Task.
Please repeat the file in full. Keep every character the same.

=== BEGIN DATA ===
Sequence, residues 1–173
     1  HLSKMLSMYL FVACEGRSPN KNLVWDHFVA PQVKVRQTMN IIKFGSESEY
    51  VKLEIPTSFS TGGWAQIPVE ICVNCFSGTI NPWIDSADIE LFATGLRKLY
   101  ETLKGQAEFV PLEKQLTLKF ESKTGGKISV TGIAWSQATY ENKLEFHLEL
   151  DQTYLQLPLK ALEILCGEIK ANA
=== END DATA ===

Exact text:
Sequence, residues 1–173
     1  HLSKMLSMYL FVACEGRSPN KNLVWDHFVA PQVKVRQTMN IIKFGSESEY
    51  VKLEIPTSFS TGGWAQIPVE ICVNCFSGTI NPWIDSADIE LFATGLRKLY
   101  ETLKGQAEFV PLEKQLTLKF ESKTGGKISV TGIAWSQATY ENKLEFHLEL
   151  DQTYLQLPLK ALEILCGEIK ANA